2005 Northwest Straits Day Final Report
Prepared by Ian Miller, Surfrider Foundation/Clallam MRC
30 September 2005
The 1st Annual Northwest Straits Day was, by my assessment, a significant success. We were able to:
Coastal Stretch specific information is presented below, followed by recommendations for 2006.
Dungeness Spit (and "Bluffs" shoreline)
Booth staffed by David Freed (8-12) and Ed Bowlby (8-12) in the county park parking lot just next to the trailhead.
Total of 2.5 miles was cleaned. Total of 16 people donating a grand total 48 volunteer hours. Estimated amount of debris collected was 1000 pounds.
Booth staffed 8-12 am by Ian Miller (4 hours) and Sasha Sicks (2 hours) at the Sail and Paddle Park. At the booth we provided:
Total Distance cleaned was 7 ¾ mile and a total of 38.5 volunteer hours dedicated.
Estimated amount of debris collected = 975 pounds (plus an estimated 80 pounds at Hollywood Beach)
Other Observations from Ediz Hook include:
Kayak Section (Crescent Bay to Freshwater Bay)
This section was officially cancelled due to heavy fog on the water. Some debris was collected, however, both the day before and later on Sunday by independent groups. The Olympic Kayak Club, which coordinated this section, will attempt to re-schedule as conditions allow. Reports from those that did get on the water indicate that this is a significant collection area for debris.
Estimated amount of debris collected (and recorded) = 75 pounds
Estimated volunteer-hours contributed = 11 volunteer -hours
Two volunteers covered approximately one mile of beach (from the 4 mile marker along the ODT, to Bagley Creek), collecting approximately 30 pounds of debris. Observations from the volunteers:
"We were amazed at how little garbage there was. My recollection is
this is not how it usually is (the reason for asking you prior if we could have garbage pickup. It was very apparent that the tide had been very high recently. So for a lot of the debris, it must have ended up somewhere else."
Three volunteers collected a total of 60 pounds of debris along two miles of Freshwater Bay, dedicating a total of 7 volunteer hours.
"I collected about 15 lbs of garbage. Some big gnarly metal things I had to leave where they were. The most debris was found closest to the boat launch at Freshwater Bay, but there was sort of a steady stream of garbage up along the edge of the bluffs. Most of the garbage was shoreline/recreation oriented - specifically beer cans, pop bottles and snack bags. There was also plenty of fishing related debris: ropes, line, nets, bailers."
"We started collecting at the east end of Place Road out to the dike and along the river. Then we went west along the bay about 1 mile so I would guess we covered at least 1 1/2 miles."
The September 18, 2005 International Coastal Cleanup day, at Clallam Bay/Sekiu, was beautiful (maybe even a little too warm), the Cleanup volunteers were enthused and dedicated, and goals fully realized. We recorded 110 pounds plus approximately 50 pounds unrecorded for a potential total of 160 pounds. Additionally, about 50 pounds of unbagged heavy metal was taken. 43 pounds was taken from shipwreck point alone (about 12 miles west of Clallam Bay), an alternate (if there was time) beach. The additional 50 pounds, or so, of trash that may not have been recorded is strictly an estimate and will be determined more accurately later. Additionally, there was trash to heavy to tote back that was stacked for later pickup (a tire and heavy metal, etc.). So, all and all, it was a good day for the Clallam Bay/Sekiu community and beaches.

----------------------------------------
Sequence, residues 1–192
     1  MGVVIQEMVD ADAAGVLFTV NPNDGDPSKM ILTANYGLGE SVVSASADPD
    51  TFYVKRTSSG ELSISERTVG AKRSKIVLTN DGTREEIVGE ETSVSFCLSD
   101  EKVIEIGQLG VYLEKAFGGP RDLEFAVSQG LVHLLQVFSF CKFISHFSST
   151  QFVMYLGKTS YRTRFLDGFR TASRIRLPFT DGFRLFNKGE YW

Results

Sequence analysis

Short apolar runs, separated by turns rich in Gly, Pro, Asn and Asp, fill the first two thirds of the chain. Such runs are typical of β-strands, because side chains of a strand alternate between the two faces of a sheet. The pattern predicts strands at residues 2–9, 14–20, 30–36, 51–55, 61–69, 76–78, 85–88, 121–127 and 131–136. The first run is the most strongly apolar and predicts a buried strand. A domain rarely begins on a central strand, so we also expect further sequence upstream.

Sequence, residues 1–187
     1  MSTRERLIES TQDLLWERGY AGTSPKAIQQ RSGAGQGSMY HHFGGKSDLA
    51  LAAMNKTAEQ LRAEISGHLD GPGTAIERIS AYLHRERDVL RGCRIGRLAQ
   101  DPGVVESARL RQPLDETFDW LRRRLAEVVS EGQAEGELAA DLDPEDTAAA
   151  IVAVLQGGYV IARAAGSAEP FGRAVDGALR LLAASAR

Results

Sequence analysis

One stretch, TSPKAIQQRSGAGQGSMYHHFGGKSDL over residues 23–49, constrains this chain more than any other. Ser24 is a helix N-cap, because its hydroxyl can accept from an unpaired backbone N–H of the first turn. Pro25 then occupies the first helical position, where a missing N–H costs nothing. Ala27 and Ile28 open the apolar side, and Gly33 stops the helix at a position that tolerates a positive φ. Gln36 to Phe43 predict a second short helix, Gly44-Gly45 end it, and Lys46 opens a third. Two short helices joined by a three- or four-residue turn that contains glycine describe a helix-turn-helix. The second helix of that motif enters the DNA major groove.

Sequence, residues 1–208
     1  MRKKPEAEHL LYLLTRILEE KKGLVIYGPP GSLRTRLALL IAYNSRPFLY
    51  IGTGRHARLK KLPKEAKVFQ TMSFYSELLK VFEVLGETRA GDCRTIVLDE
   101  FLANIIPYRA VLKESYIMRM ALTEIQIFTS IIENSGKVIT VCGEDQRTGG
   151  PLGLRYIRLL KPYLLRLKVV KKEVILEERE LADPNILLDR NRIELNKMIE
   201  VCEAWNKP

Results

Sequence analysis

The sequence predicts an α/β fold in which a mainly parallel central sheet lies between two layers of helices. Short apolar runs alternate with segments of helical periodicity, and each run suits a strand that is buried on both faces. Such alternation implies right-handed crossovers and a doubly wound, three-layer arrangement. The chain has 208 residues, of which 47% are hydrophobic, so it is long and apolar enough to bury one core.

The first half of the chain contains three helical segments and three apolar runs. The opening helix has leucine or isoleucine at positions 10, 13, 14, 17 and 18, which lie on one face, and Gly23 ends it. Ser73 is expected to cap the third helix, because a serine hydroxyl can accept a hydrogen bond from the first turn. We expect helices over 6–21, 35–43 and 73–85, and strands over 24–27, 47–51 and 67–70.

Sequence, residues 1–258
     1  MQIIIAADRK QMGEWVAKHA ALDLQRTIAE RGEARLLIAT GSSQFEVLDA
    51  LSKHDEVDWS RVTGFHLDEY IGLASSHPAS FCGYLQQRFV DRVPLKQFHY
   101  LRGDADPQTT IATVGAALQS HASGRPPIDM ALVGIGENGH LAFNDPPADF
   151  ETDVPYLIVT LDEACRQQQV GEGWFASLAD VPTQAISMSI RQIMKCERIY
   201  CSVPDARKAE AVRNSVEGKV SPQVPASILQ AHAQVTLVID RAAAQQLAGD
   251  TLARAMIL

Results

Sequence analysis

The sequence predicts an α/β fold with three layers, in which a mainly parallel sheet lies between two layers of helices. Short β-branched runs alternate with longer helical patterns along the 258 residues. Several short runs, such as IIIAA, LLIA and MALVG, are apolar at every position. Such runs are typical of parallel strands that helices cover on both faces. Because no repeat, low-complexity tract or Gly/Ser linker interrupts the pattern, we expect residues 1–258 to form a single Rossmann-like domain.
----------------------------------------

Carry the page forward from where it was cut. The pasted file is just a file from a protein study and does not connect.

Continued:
"Out of the mouths of babe’s: My grand kids, remarked to their dad as they were picking up the trash, "why would anyone throw garbage onto the beach like this?". I am sure that the next time they think about throwing trash on the ground, they will think twice about doing it, and will save it for the right place.
Clallam Bay/Sekiu beaches are a jewel compared to Shipwreck point, which is, indeed, a wreck. Among other things, it is a privy without privy accommodations. It is a trash dump without trash receptacles. It is a shame to mar this beautiful section of beach with such debris. The beach its self was relatively clean, it was primarily near the 2 pull off points that were particularly blemished, which is the first thing that visitors will observe, unfortunately. I did not use gloves at the Clallam Bay beaches, but I made a special trip back home to get a pair before I started picking up the filth at Shipwreck. The next volunteer package could include a set of nose plugs for this section as well. It would be nice to have a sanican and trash receptacles at this location during the summer months (unlikely but nice).
The section of beach from the Spring tavern to the Coho marina contains interesting remnants of old railroad rails, piping conduits, several railroad car wheels and coupling mechanisms, and some steel cable. I do not think that this type of debris harms the animal/bird life or eco-system, however, it would be interesting to retrieve some of the stuff, for historical reference and/or decorations. I have seen pictures, of the old days, showing railroad trestles for lumber transport in that area."
Ted Muralt 640-0686 email@example.com
Recommendations for 2006
Ian Miller, Coordinator 360 808 1103 firstname.lastname@example.org
David Freed, Coordinator 360 565 2619
Ted Muralt, Clallam Bay Coordinator 640-0686 email@example.com
Joan Hauser-Crowe, State Parks, State Coordinator for the International Coast Clean-up
Bruce Monro, Olympic Kayak Club 360 460 3440
Andree Hurley, Washington Kayak Club 360 379 4182